• 63% of patients were on oxygen at entry, and 8% were ventilated upon study enrollment.  
  • 62% of patients were randomized between days 0-1 of hospitalization.  

Primary endpoint:  

  • In-hospital mortality of remdesivir vs. control.  
  • Secondary endpoints included ventilation and time to discharge. 

Key findings:  

  • Overall mortality was 11.8%.  
  • There was no difference in mortality between patients receiving standard of care and remdesivir (RR=0.95 (0.81-1.11, p=0.50; 301/2743 vs. 303/2708).  
  • There was no difference in initiation of ventilation or time to discharge between patients receiving standard of care and remdesivir.  
  • The proportion of individuals still hospitalized at day 7 for remdesivir vs. control were 69% vs. 59%.  
  • The use of other agents in the remdesivir group and controls were: corticosteroids (47.8% vs 47.6%, respectively); convalescent plasma (1.9% vs 2.1%, respectively); anti-IL-6 therapy (4.9% vs 5.3%, respectively); non-trial interferon (0.1% vs 0.9%, respectively); and non-trial antiviral (2.4% vs 5.6%, respectively).  

Limitations:  

  • Open-label design.  
  • Time from symptom onset to randomization was not included. If there was a delay between symptom onset and presenting for care, the benefit of remdesivir (an antiviral) may have been lost.  
  • Time to recovery in the remdesivir group may have been artificially extended due to a planned 10-day course. 
  • Subgroup analyses were not done other than in patients who were already ventilated upon study entry.  
  • The patient's provider could choose to deviate from protocol and stop/change therapy; further details have not been shared.
  • There were variable numbers of patients in the remdesivir and interferon arms, despite the trial being randomized. This could reflect different drugs being available at different sites, but the difference is not explained.
  • An intention to treat analysis was done for the primary endpoint, despite patients not necessarily receiving the drug they were initially randomized to. An analysis was not performed based on the drugs patients were actually randomized to.



Remdesivir for the Treatment of Covid-19 — Final Report (Beigel, October 2020). 

Overall, in this randomized-placebo controlled trial, remdesivir shortened time to recovery by 5 days and was safe. Patients who were randomized after 10 days of symptoms did not experience this effect. In subgroup analysis, remdesivir was associated with lower mortality in patients requiring supplemental oxygen but not ventilation.

Study population:    

  • 1,062 hospitalized adult patients (79.8% located in North America) with COVID-19.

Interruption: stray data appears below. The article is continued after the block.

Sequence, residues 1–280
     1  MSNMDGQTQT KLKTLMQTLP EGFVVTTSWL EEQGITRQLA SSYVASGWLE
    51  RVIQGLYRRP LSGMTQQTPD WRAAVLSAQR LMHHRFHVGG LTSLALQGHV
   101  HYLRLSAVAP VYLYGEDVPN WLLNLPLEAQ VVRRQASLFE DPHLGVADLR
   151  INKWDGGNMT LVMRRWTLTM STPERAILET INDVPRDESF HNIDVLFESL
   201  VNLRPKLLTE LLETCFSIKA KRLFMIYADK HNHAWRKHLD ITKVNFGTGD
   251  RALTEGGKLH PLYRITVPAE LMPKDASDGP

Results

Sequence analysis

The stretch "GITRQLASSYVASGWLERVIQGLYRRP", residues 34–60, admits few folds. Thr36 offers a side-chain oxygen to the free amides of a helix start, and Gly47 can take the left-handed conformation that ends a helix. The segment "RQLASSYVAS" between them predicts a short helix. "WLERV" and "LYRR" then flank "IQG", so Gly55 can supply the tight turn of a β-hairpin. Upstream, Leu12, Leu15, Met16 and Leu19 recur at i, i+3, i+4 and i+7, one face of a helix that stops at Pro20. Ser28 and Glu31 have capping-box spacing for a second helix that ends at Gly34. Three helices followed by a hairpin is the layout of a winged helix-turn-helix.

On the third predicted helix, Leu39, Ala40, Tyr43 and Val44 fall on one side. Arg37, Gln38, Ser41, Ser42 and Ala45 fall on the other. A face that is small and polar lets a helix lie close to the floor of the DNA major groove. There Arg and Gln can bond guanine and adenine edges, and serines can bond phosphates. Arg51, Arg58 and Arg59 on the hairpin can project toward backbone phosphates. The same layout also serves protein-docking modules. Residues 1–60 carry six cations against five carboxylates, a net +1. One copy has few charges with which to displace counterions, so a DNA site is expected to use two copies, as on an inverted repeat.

• 541 patients were randomized to remdesivir and 52 to placebo.   
  • Median 6 days from symptom onset to starting remdesivir.    
  • The mean age of patients was 58.9 years; 64.4% were male.  
  • 53.3% of patients were white.  
  • 50.2% had hypertension, 44.8% had obesity, and 30.3% had diabetes.  
  • 15% of patients had mild-moderate disease, and 85% had severe disease.  
  • The median number of days between symptom onset and randomization was 9 (IQR 6-12).

Primary endpoint:    

  • Time to clinical recovery (defined as discharge from the hospital or hospitalization for infection control purposes only) during 28 days post enrollment, as measured by an eight-point ordinal scale. 
  • Secondary outcomes included clinical status at day 15 using the ordinal scale. 

Key findings:   

  • Patients who received remdesivir had a median recovery time of 10 days, as compared with 15 days among those who received placebo (RR for recovery, 1.29; p<0.001).  
  • Kaplan–Meier estimates of mortality by day 15 were 6.7% in the remdesivir group and 11.9% in the placebo group (hazard ratio, 0.55; 95% CI, 0.36 to 0.83).  
  • There was no difference in 28-day mortality between patients who received remdesivir (6.7%) or placebo by day 15 (11.4%; HR 0.73; 95% CI, 0.52 to 1.03).  
  • On subgroup analysis of patients at ordinal scale 5 (requiring supplemental oxygen but not ventilation), mortality in the remdesivir arm was 4%, versus 12.7% in the placebo arm (HR 0.30, 95% 0.14-0.64).  
  • The rate ratio for recovery was largest among patients with a baseline ordinal score of 5 (RR for recovery, 1.45; 95% CI, 1.18 to 1.79).  
  • Patients who underwent randomization during the first 10 days after symptom onset had a rate ratio for recovery of 1.37 (95% CI, 1.14 to 1.64), whereas patients who underwent randomization more than 10 days after the onset of symptoms had a rate ratio for recovery of 1.20 (95% CI, 0.94 to 1.52).  
  • Adverse events were reported in 131 of the 532 patients who received remdesivir (24.6%) and 163 of the 516 patients who received placebo (31.6%).  
  • 35.6% of patients received hydroxychloroquine and 23% received a glucocorticoid.  

Limitations:    

  • The original primary endpoint was ordinal endpoint after 14 days, but this was changed to a time-to-recovery endpoint based on researchers’ realization that the clinical course of COVID-19 could be longer than initially thought.   
  • The trial was not powered for mortality.  
  • The clinical relevance of the ordinal scale is not clear.  
  • Patients generally received remdesivir around 9 days after symptom onset; this may have been too late to see a mortality benefit.

  

Effect of Remdesivir vs. Standard Care on Clinical Status at 11 Days in Patients With Moderate COVID-19: A Randomized Clinical Trial (Spinner, Aug 2020)